Corruption meant the Tories spent £12 billion and STILL lost control of the virus

Coronavirus deaths - names not numbers
Coronavirus deaths - names not numbers
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From the Keep Our NHS Public website

Keep Our NHS Public’s Jacky Davis, author of NHS for Sale: Myths, Lies and Deception finds that Channel 4’s recent Dispatches programme, Lockdown Chaos is right – the Government’s chaotic handling of the crisis has caused unnecessary deaths and lost the public’s confidence in their ability to keep us safe. 

South Korea has a population of 51 million. As of this week, it had had 29,000 cases of Covid and under 500 deaths. The UK has a population of 68 million, with 1.4 million cases and 52,000 deaths. These figures are truly shocking and show that it didn’t have to be this way in the UK. The big question now is how did our government manage to spend so much money and end up with the highest death rate in Europe?

Channel 4’s Dispatches went some way to answering the question with their recent programme Lockdown Chaos: How the Government Lost Control. This looked at two particular aspects of what has gone wrong in the government’s response to the pandemic, both involving the all-important Test and Trace system.

Early on Boris Johnson emphasised the importance of Test and Trace and promised we would have a ‘world-beating’ system that would help us avoid another lockdown. It didn’t really have to be world-beating, just good enough to trace 80% of contacts in order to contain the virus. After spending £12 billion we have ended up with a system that isn’t even reaching 50% of contacts and has had only ‘a marginal impact’ if any on controlling the spread. What went so badly wrong?

Dispatches showed how the government, instead of reaching out to tried and trusted local systems in public health and the NHS, turned straight to the private sector.

Deloitte, the accountancy firm, were given millions (we don’t know the exact figures) to create and run Test and Trace. The work was of course then outsourced, and Dispatches went inside one of the mega labs involved, run by Randox near Belfast.

Randox process about a fifth of tests, many from care homes. Inside the lab were scenes of chaos, with employees describing faulty kits being dispatched, samples lost or thrown away, cross-contamination and leaking samples being thrown into open boxes. An NHS microbiologist commented ‘It’s hard not to be speechless. We would be shut down if we performed that way’. The turn around time could be up to 7 days, which is far too long (75%of care home tests miss the government target of 48 hours). As the microbiologist commented – waiting more than 48 hours for a swab result means you’re wasting your money. Employees also described a VIP system whereby firms who paid could have tests put through faster. Randox subsequently denied this and any other problems, despite the evidence on the screen.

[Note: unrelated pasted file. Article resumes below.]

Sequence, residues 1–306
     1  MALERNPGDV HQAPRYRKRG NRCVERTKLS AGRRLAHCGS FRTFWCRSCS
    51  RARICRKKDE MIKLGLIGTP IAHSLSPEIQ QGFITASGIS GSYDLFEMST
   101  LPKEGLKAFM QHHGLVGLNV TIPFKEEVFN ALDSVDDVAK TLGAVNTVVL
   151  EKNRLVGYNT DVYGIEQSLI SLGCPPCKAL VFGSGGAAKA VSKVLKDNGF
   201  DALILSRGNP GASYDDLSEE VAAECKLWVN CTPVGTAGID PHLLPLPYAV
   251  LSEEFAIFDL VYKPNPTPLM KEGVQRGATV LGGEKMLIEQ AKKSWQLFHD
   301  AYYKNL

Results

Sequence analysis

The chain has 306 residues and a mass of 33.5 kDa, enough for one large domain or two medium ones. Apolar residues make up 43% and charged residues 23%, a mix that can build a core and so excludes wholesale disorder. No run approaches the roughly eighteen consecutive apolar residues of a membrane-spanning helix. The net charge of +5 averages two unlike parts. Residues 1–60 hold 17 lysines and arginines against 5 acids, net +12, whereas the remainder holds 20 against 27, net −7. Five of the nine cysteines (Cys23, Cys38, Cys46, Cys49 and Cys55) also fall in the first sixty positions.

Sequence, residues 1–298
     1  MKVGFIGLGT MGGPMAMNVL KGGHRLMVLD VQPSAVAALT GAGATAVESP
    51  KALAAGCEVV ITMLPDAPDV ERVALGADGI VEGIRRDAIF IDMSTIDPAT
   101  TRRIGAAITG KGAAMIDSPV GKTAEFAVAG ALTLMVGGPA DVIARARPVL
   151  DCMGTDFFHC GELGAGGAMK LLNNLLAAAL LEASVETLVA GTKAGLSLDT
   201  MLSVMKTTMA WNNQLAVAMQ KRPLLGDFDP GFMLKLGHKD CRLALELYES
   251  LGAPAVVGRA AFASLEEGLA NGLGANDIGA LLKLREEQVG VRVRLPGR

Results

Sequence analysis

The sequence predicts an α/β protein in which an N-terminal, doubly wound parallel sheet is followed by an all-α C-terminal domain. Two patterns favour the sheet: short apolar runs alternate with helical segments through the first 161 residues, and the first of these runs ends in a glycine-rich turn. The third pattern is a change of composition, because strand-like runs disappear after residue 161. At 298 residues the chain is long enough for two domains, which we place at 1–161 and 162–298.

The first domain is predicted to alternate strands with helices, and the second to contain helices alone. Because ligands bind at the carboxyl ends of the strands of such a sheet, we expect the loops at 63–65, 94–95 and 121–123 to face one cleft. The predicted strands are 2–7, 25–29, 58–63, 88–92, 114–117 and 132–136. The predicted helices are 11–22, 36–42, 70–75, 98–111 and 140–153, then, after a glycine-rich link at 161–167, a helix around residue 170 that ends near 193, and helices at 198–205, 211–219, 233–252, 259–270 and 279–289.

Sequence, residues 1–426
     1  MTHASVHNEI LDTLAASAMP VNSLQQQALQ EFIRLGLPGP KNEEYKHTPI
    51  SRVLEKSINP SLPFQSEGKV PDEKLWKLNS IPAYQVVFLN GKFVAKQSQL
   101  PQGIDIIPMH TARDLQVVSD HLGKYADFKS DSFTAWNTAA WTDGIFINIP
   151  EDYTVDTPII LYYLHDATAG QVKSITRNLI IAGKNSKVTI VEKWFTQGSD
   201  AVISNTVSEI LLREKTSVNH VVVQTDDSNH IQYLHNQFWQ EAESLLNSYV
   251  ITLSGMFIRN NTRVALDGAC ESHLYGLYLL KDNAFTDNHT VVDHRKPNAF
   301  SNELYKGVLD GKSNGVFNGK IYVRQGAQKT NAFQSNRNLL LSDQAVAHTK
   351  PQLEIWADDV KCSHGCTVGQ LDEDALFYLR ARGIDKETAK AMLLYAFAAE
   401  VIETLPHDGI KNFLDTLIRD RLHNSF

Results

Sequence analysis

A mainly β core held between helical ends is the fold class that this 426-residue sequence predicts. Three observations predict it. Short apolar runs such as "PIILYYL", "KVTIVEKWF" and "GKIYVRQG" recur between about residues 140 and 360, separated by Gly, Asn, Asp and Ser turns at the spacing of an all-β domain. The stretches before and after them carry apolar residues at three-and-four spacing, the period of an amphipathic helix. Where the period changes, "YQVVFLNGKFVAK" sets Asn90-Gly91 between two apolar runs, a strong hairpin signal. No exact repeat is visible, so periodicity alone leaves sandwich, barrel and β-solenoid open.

Dispatches then made some important connections between Randox and other players in Test and Trace. Matt Hancock, Secretary of State for Health, is the MP for Newmarket. He receives funding from the racing industry. Baroness Dido Harding, who was put in charge of Test and Trace for no apparent good reason, is a Conservative peer, married to a Conservative MP, and a key board member of the Jockey Club, which owns Newmarket. Their biggest event is the Grand National, sponsored by – you’ve guessed – Randox. Randox were paid £133 million to provide testing, followed by another £350 million. Randox pays Owen Paterson, ex-minister and Tory MP, £100,000 a year as a ‘consultant’. Randox says there is ‘no connection’ between any of the above and this huge contract.  

If you are concerned about the lack of transparency, the unaccountability and the chumocracy on display you can always complain to the government’s anti-corruption champion. Who – you’ve guessed – just happens to be Dido Harding’s husband, MP John Penrose.

Meanwhile, Serco ‘a leading provider of public services’ whose name is associated with multiple failures in the NHS, was given a £410 million contract for mass contact tracing.  Redacted from the contract is how many actual contacts they needed to trace, and it appears that there is no remedy available for their abysmal failure to reach the targets.  Serco, of course, subcontracted the work to smaller companies, but have refused to name them. Investigation revealed that few if any had public health experience and their number included debt collection agencies. Serco has had a £25 million boost to profits thanks to the pandemic and a boost in their share price. As a passing note, health minister MP Edward Argar is a former head of Serco public affairs.

So where does this leave us? The Government has spent £12 billion of taxpayers’ money on an ‘NHS’ Test and Trace which has little if anything to do with the NHS (apart from it getting the blame). That £12 billion could have gone to the NHS and public health labs, instead of which it has been frittered away on outsourcing a vital service to unaccountable firms who the DoH won’t even name.

We don’t know how contracts were awarded, except that there was a secret fast track for companies connected to MPs and other Tory friends. In summary Test and Trace has failed miserably and the government has had to concede that it has lost control of the virus. And despite all this money, we have the highest death rate in Europe.

There will have to be a reckoning as to how this was allowed to happen, and the Dispatches expose is a good start. The Government mustn’t be allowed preside over such a public health disaster without being forced to examine what went wrong. Because what we know from South Korea and others is that it really didn’t have to be like this.